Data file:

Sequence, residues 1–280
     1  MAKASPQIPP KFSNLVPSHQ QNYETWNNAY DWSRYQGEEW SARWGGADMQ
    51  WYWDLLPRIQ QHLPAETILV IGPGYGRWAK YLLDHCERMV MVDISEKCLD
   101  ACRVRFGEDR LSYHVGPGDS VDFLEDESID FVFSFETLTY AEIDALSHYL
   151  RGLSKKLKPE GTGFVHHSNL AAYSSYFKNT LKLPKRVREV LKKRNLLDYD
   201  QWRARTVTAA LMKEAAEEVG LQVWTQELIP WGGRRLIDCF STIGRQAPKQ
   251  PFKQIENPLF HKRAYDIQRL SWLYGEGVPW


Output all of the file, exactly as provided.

Sequence, residues 1–280
     1  MAKASPQIPP KFSNLVPSHQ QNYETWNNAY DWSRYQGEEW SARWGGADMQ
    51  WYWDLLPRIQ QHLPAETILV IGPGYGRWAK YLLDHCERMV MVDISEKCLD
   101  ACRVRFGEDR LSYHVGPGDS VDFLEDESID FVFSFETLTY AEIDALSHYL
   151  RGLSKKLKPE GTGFVHHSNL AAYSSYFKNT LKLPKRVREV LKKRNLLDYD
   201  QWRARTVTAA LMKEAAEEVG LQVWTQELIP WGGRRLIDCF STIGRQAPKQ
   251  PFKQIENPLF HKRAYDIQRL SWLYGEGVPW